The one-sentence synopsis

If writing an ordinary synopsis is hell, why know your one-sentence synopsis and why have one?

For me, it’s a summary of my theme and a brilliant place to begin a synopsis if the need arises. It gives me the essence of the book, which keeps me on-topic if I begin to ramble:

ITL?_new packshot Is This Love?‘ is about the different qualities of love.

Want to Know a Secret?‘ is about money and family, and who thinks which is most important.

DALD_v12.2 reviseDream a Little Dream‘ is about finding a new dream when the old dream crumbles.

A one-sentence synopsis can also form the first part of an elevator pitch to agents/editors. Then:

  • Add to the one sentence a category that sums it up: It’s a quest. It’s a reunion story.
  • Something about tone is useful, too: It’s lighthearted. It’s gritty.
  • If appropriate, mention the message: Be careful what you wish for.

Formulating a one-sentence synopsis is a handy habit to get into. It can even help you sum up your book up for journalists when you’re a bestselling author and they’re queuing on the phone for interviews!



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14 responses to “The one-sentence synopsis

  1. A really useful tool Sue – thanks. As always, your advice is sound.


  2. I am wondering and fretting slightly over synopsis now. My just published book has now gone defenceless out into the wide world and people have asked me what it is about. Summing it up in a couple of sentences seems vital in our impatient world, but I am still refining my description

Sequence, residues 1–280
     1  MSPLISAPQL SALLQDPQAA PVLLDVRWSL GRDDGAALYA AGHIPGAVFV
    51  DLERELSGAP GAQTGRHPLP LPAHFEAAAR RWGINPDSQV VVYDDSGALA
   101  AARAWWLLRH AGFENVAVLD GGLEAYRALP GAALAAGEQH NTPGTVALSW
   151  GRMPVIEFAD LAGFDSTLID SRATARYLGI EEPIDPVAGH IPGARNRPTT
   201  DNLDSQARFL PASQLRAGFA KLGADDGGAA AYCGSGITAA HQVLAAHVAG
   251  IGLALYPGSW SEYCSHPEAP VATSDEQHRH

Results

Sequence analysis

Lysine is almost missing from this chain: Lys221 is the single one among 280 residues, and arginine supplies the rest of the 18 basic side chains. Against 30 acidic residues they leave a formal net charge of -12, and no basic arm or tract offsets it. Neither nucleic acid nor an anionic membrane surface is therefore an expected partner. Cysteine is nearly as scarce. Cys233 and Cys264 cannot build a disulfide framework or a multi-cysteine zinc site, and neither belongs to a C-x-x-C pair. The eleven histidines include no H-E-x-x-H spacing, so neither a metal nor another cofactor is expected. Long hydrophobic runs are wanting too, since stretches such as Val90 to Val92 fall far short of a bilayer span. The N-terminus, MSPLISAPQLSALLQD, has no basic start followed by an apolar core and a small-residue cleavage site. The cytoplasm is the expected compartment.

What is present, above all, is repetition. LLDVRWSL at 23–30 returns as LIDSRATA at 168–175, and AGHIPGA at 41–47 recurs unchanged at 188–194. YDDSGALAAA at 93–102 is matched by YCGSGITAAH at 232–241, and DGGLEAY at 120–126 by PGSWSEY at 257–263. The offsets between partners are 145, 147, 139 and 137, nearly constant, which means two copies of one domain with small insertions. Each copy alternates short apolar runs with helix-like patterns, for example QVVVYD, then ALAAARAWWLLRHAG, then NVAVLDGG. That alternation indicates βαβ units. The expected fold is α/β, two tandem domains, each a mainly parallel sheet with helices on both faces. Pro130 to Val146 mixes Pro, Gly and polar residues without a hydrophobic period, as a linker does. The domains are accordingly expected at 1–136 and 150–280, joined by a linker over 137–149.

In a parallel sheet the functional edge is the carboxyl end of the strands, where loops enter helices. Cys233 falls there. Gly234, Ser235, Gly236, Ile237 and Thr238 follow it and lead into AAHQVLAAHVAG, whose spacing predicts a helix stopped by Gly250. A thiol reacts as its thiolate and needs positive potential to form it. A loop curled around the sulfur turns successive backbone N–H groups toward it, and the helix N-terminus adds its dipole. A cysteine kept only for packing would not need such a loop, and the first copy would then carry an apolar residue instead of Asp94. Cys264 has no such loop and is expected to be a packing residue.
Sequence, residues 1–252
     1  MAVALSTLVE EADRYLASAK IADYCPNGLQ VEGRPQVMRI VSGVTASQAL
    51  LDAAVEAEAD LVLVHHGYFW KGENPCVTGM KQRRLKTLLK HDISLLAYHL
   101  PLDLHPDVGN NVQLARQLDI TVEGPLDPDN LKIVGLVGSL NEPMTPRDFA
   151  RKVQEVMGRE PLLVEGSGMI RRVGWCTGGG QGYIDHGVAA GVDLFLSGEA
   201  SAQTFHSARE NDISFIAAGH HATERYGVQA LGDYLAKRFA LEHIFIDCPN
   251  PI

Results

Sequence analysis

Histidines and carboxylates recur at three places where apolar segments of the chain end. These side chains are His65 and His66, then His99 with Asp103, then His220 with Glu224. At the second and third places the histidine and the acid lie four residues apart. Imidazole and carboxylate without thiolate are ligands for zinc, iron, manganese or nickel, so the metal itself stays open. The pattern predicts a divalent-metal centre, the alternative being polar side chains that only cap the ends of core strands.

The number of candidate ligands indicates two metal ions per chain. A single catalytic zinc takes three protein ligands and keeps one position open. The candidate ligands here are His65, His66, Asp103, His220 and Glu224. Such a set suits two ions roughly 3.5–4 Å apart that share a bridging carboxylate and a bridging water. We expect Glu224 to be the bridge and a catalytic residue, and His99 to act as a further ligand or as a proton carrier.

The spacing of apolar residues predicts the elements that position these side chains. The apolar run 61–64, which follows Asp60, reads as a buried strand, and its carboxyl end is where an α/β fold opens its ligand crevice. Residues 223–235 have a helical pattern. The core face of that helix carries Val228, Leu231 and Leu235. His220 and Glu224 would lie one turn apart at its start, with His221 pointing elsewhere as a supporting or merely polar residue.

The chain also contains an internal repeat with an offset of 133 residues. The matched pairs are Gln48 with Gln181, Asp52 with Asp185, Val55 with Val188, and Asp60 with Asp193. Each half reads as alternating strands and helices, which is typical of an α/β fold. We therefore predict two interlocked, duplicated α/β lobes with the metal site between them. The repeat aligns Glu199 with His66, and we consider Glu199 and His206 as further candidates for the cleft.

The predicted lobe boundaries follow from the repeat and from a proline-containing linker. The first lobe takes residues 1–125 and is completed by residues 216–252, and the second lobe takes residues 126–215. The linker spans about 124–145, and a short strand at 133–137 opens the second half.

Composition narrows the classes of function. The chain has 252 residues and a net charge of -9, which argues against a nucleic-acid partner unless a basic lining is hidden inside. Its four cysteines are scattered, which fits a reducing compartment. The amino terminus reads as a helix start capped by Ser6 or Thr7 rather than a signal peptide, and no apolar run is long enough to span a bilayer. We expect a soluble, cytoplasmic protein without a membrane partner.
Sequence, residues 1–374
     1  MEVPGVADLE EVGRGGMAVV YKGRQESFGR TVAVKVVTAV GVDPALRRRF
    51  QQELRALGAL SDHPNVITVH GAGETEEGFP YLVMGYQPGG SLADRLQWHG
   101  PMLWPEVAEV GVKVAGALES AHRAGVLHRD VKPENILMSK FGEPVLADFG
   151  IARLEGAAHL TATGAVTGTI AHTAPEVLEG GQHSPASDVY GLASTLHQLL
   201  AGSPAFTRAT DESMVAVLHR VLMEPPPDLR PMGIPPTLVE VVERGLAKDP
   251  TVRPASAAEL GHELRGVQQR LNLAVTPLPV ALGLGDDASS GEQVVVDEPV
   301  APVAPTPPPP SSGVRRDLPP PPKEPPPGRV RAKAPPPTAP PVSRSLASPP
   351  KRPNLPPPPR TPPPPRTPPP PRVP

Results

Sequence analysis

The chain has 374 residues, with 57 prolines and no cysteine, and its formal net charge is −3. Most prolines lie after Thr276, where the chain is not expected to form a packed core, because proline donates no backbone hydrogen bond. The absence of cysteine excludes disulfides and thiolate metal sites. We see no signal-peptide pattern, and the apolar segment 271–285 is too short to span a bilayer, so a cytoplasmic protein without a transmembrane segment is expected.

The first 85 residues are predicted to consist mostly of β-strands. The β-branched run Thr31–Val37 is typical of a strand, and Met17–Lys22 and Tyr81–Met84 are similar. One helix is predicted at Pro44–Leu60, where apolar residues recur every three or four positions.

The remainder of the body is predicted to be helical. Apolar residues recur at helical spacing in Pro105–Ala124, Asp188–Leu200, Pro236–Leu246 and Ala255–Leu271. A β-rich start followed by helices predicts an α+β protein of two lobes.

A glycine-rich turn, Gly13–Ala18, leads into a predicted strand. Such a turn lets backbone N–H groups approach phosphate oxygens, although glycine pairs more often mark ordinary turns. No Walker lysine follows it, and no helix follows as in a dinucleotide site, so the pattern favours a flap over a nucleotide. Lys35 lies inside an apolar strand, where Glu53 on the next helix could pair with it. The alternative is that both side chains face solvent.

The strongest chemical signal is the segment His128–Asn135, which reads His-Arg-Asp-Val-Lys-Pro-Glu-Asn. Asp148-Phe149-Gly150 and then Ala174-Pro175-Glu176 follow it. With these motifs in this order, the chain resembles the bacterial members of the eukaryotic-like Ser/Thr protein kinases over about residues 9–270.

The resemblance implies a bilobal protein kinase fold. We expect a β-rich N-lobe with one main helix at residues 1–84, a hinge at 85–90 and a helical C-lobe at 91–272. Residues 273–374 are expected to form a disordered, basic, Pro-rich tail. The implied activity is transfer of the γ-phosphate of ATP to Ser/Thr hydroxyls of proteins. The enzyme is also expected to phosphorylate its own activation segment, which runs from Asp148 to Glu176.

• Sympathy! I often think that if I could adequately summarise my book in a page, why would I bother writing the other 300 in the first place …? But it can be a vital selling tool. Good luck.


  3. Another good post, Sue, and one that makes sense. A couple of years ago, I went to a Louise Doughty workshop and she explained the difference between theme and plot very clearly. It was a light bulb moment for me – up to that point I hadn’t understood the difference.


    • The elements of a good story resonate differently with different writers, in my experience. My fiction workshop in the new Writers’ Forum is about that very subject. 🙂


  4. Thanks for this. It’s a very useful tool. Just what I needed.


  5. I found this really useful, Sue. Many thanks! Just to need work out the one line for my WIP.


  6. Bookmarked under ‘synopsis & covering letter’. This is a single piece of advice that makes the most sense. A USP for the author? Thanks Sue.


    • Hi Shirley,
      I see it more as the USP for the book. I really think that it’s a good idea that authors have a USP, also, to be part of their ‘brand’. Mine is the thing about irresistible heroes and dauntless heroines. I play with the sentence a bit to make it fit the purpose I require at the time, but those words are usually in there. 🙂


  7. Brilliant advice as always Sue. Thanks for sharing.


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